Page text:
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Adam Johnson: A Success Or Failure?

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It's over two years since Sunderland announced the heralded signing of long-time target Adam Johnson from Manchester City. Now entering the second half of a four-year contract with the club, can Johnson's stay at the Stadium of Light be looked upon as a success?

Johnson celebrates his derby day goal in April 2013
Johnson celebrates his derby day goal in April 2013
Stu Forster

Adam Johnson agreed to join Sunderland on 24th August 2012 amid much fanfare and instantly found himself with the burden of lofty expectations upon his shoulders.

Then-manager Martin O'Neill struggled all summer to draft-in the type of star names he felt were urgently required to beef up his squad in preparation for the new campaign, but eventually made two major breakthroughs towards the end of the transfer window in the shape of winger Johnson and Wolves target-man Steven Fletcher.

Despite the excitement surrounding his decision to sign up, it proved a false dawn initially and not all of it was his fault - he was jettisoned into a struggling team that were no better than the previous incarnation. Fletcher and Johnson were viewed as solid purchases who would both increase the quality at Martin O'Neill's disposal, but they couldn't do it all on their own and there were many areas of the first-team squad that got severely neglected.

For large swathes of the season, Johnson received the ball in a deep-lying position and he'd immediately be surrounded by two opponents. Supporting players appeared slow to offer Johnson an outlet and so it was left to the former 'Boro attacker to beat his two markers in order to effect any kind of end product. He was expected to razzle and dazzle his way beyond defenders to a degree that is beyond most footballers and therefore often cut an isolated figure out on the touchline.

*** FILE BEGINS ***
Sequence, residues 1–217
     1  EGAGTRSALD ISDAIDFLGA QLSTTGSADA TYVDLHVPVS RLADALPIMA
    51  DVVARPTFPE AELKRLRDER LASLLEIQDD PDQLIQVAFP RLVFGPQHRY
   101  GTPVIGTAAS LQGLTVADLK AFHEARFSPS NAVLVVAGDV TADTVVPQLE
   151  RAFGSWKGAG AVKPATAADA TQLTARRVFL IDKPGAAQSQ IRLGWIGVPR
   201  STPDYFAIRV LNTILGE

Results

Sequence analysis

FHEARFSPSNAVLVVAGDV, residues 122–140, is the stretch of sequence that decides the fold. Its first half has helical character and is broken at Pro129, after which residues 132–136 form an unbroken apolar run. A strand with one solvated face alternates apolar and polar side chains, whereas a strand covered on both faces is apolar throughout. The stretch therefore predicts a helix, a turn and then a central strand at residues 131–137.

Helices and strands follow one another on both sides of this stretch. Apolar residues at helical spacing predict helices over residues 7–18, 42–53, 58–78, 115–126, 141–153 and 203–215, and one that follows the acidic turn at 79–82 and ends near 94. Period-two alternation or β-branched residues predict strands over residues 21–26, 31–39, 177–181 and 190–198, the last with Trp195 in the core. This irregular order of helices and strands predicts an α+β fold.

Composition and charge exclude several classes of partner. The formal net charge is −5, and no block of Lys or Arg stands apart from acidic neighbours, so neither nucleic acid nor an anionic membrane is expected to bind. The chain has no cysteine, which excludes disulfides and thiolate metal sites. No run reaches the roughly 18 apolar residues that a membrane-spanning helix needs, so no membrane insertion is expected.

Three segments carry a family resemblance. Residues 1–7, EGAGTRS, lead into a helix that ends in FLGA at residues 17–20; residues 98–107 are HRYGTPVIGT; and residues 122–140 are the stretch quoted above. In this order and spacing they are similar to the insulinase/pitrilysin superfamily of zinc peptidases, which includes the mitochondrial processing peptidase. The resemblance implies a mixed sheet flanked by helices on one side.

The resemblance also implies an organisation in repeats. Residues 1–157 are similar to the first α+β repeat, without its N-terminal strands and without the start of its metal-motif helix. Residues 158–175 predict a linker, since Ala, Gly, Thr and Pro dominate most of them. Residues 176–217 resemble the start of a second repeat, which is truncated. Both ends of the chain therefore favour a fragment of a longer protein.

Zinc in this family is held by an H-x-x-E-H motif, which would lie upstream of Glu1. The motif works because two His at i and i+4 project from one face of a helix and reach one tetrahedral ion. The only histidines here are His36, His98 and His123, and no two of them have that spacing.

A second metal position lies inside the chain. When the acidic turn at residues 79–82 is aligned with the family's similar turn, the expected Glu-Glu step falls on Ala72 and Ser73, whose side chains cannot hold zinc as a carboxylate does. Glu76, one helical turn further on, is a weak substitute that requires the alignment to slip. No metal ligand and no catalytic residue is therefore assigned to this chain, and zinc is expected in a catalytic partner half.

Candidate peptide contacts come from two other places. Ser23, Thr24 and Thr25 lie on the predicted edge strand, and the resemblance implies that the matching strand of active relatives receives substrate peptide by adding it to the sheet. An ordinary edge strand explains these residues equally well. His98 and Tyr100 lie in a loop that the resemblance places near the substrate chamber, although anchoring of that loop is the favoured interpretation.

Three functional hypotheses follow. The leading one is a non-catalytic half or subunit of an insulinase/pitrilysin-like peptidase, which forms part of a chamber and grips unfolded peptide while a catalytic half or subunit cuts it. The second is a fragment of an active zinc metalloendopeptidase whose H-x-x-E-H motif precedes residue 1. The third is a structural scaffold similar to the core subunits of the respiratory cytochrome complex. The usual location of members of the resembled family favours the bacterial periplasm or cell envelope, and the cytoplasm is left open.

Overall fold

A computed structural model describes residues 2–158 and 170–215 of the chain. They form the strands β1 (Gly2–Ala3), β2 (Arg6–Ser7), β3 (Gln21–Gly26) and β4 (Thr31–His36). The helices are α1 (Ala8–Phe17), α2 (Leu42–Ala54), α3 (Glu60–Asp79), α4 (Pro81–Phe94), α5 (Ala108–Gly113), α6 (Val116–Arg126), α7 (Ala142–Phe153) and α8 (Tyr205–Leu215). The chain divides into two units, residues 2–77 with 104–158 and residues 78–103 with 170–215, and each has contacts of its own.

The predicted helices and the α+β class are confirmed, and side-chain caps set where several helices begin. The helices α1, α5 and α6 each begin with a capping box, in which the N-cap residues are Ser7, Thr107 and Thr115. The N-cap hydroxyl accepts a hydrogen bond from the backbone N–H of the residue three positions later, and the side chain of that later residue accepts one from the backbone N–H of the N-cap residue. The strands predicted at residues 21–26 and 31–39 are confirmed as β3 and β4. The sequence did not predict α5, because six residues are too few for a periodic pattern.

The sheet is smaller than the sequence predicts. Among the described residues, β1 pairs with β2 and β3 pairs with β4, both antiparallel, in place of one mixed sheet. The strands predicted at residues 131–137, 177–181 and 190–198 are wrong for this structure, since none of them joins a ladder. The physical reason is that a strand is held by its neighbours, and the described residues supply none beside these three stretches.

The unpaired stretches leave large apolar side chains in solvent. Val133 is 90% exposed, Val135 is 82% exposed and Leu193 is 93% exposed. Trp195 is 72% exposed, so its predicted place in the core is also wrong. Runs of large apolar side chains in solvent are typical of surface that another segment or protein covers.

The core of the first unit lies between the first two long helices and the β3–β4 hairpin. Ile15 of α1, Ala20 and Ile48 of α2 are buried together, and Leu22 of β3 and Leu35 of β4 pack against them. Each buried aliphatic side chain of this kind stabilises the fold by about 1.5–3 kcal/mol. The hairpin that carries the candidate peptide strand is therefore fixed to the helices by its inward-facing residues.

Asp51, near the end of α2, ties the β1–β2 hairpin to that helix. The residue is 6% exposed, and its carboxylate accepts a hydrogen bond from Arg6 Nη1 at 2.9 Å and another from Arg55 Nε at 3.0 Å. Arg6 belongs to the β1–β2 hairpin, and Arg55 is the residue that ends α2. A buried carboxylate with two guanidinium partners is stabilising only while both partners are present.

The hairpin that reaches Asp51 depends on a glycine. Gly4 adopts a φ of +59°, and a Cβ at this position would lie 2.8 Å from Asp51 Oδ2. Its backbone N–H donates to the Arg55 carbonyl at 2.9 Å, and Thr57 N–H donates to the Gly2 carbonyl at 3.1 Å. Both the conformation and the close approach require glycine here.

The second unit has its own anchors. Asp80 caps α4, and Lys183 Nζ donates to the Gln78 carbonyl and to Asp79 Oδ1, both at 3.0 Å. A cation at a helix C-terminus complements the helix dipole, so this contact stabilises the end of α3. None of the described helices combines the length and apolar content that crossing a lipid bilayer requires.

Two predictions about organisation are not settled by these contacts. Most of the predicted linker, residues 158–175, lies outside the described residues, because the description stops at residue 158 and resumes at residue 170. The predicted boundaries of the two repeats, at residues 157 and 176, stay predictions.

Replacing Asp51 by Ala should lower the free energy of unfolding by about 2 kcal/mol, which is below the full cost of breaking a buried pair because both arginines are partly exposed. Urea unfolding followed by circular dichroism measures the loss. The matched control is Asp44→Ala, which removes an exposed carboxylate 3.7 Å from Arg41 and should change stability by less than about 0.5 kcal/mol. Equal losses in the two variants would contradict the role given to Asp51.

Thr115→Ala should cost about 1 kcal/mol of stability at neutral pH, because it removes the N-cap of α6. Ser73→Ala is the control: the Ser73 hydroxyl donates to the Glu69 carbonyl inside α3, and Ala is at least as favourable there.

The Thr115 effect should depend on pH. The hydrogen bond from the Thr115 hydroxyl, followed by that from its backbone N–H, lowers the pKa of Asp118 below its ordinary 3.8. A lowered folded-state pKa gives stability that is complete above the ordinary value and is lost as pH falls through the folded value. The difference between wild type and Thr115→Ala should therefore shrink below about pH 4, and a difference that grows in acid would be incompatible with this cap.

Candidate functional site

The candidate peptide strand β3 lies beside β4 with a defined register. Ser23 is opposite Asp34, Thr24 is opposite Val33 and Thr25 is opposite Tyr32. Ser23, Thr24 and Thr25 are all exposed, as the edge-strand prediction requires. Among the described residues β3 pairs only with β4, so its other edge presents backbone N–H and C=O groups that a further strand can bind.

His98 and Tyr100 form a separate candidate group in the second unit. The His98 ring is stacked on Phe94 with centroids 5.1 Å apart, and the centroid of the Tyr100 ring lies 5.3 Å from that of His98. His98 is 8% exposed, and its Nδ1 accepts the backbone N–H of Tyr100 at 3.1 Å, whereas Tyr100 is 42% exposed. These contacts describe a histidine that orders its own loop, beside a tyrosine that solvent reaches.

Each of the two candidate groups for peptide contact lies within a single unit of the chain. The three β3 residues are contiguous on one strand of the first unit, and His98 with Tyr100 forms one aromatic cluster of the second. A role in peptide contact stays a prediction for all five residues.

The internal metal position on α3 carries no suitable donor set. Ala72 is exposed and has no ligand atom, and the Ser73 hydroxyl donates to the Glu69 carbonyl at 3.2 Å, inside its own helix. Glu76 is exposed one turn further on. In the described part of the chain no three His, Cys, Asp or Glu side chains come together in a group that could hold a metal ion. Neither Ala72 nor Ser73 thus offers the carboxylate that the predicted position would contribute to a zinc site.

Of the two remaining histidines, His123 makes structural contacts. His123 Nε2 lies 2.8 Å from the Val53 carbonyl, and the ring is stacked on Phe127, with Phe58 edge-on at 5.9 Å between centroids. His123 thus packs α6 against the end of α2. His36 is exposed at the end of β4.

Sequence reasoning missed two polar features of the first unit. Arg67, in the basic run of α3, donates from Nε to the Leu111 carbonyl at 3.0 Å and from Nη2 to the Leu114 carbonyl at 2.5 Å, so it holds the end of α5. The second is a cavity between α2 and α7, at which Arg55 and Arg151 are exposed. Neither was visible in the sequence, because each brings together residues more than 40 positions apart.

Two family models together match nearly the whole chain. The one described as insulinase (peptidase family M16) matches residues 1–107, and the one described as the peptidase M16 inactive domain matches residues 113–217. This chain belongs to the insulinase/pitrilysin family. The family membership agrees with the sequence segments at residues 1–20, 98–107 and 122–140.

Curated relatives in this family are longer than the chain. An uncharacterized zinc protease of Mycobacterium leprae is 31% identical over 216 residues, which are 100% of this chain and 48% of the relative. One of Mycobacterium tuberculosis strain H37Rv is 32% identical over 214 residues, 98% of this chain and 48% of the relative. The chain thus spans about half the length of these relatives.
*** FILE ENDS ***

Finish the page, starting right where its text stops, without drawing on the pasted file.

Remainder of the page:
There were a smattering of high points; his stunning long-range strike at St. James' Park shortly after Paolo Di Canio took over the reins from O'Neill stands out most of all in one of the most vital derby victories in living memory, along with Johnson's Boxing Day winning goal against former employers Manchester City. However, they were few and far between as he failed to live up to the hype.

At one stage towards the end of the 2012-13 season, Johnson responded to criticism over his performances by pointing out that his stats were, in his eyes, up to scratch. A quick glance at his record from that league campaign shows that he managed to score five goals, while directly setting up a further six. His total assists placed him in the Premier League top 20, which isn't too bad comparatively speaking. However, he was outside of the top 50 on goals scored, 33rd on the list for key passes per game and below 80 per cent in terms of passing completion. In short, there was some truth in what he said, but the overall statistical feedback showed his contribution to have been pretty much middle of the road.

The opening few months of his second term at the club served up much of the same, with frustrating inconsistencies being the norm. Matters weren't helped by the turbulent nature of Paolo Di Canio's managerial stint, which turned sour within six months of his arrival.